DAO 111:93-106 (2014)  -  DOI: https://doi.org/10.3354/dao02762

Surveillance for zoonotic and selected pathogens in harbor seals Phoca vitulina from central California

Denise J. Greig1,9,*, Frances M. D. Gulland2, Woutrina A. Smith3, Patricia A. Conrad3, Cara L. Field4, Michelle Fleetwood5, James T. Harvey6, Hon S. Ip7, Spencer Jang8, Andrea Packham3, Elizabeth Wheeler2, Ailsa J. Hall

1Sea Mammal Research Unit, Scottish Oceans Institute, University of St Andrews, St Andrews KY16 8LB, UK
2The Marine Mammal Center, Sausalito, California 94965, USA
3Department of Pathology, Microbiology, and Immunology, School of Veterinary Medicine, University of California, Davis, California 95616, USA
4Mystic Aquarium & Institute for Exploration, Mystic, Connecticut 06355, USA
5New Hampshire Veterinary Diagnostic Laboratory, University of New Hampshire, Durham, New Hampshire 03824, USA
6Moss Landing Marine Laboratories, Moss Landing, California 95039, USA
7US Geological Survey, National Wildlife Health Center, Madison, Wisconsin 53711, USA
8William R. Pritchard Veterinary Medical Teaching Hospital, School of Veterinary Medicine, University of California, Davis, California 95616, USA
9Present address: The Marine Mammal Center, Sausalito, California 94965, USA
*Corresponding author:

ABSTRACT: The infection status of harbor seals Phoca vitulina in central California, USA, was evaluated through broad surveillance for pathogens in stranded and wild-caught animals from 2001 to 2008, with most samples collected in 2007 and 2008. Stranded animals from Mendocino County to San Luis Obispo County were sampled at a rehabilitation facility: The Marine Mammal Center (TMMC, n = 175); wild-caught animals were sampled at 2 locations: San Francisco Bay (SF, n = 78) and Tomales Bay (TB, n = 97), that differed in degree of urbanization. Low prevalences of Salmonella, Campylobacter, Giardia, and Cryptosporidium were detected in the feces of stranded and wild-caught seals. Clostridium perfringens and Escherichia coli were more prevalent in the feces of stranded (58% [78 out of 135] and 76% [102 out of 135]) than wild-caught (42% [45 out of 106] and 66% [68 out of 106]) seals, whereas Vibrio spp. were 16 times more likely to be cultured from the feces of seals from SF than TB or TMMC (p < 0.005). Brucella DNA was detected in 3.4% of dead stranded harbor seals (2 out of 58). Type A influenza was isolated from feces of 1 out of 96 wild-caught seals. Exposure to Toxoplasma gondii, Sarcocystis neurona, and type A influenza was only detected in the wild-caught harbor seals (post-weaning age classes), whereas antibody titers to Leptospira spp. were detected in stranded and wild-caught seals. No stranded (n = 109) or wild-caught (n = 217) harbor seals had antibodies to phocine distemper virus, although a single low titer to canine distemper virus was detected. These results highlight the role of harbor seals as sentinel species for zoonotic and terrestrial pathogens in the marine environment.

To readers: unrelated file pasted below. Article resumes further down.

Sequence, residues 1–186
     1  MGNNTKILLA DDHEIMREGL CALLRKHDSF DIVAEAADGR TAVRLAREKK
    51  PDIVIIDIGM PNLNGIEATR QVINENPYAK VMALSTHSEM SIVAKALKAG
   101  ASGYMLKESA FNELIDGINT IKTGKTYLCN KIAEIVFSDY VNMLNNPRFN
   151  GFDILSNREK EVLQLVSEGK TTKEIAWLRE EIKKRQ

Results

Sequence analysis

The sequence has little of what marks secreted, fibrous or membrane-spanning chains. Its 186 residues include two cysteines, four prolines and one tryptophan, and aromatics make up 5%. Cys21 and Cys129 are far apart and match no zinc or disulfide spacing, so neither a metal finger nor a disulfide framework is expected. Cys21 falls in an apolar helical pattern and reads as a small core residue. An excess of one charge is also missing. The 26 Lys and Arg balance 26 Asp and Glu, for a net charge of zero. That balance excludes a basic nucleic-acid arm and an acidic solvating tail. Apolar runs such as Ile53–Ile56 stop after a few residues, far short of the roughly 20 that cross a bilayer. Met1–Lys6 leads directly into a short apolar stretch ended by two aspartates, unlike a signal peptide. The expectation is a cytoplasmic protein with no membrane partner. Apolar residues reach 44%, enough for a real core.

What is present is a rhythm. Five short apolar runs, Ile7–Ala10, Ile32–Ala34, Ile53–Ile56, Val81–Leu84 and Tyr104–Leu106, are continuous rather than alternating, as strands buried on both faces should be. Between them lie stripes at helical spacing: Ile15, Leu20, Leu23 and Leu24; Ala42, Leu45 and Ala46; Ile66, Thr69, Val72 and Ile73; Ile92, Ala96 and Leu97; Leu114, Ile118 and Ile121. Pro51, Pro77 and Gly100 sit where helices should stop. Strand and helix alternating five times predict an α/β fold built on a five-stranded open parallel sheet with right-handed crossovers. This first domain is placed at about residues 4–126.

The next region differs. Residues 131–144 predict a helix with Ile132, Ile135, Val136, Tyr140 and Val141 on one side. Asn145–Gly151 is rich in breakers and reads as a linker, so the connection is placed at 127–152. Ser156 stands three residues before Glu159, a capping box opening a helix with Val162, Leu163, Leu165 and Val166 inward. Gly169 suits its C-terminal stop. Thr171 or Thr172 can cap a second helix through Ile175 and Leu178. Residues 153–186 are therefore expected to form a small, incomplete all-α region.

KEY WORDS: Campylobacter · Leptospira · Influenza · Morbillivirus · Neospora · Sarcocystis · Toxoplasma · Vibrio


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Cite this article as: Greig DJ, Gulland FMD, Smith WA, Conrad PA and others (2014) Surveillance for zoonotic and selected pathogens in harbor seals Phoca vitulina from central California. Dis Aquat Org 111:93-106. https://doi.org/10.3354/dao02762

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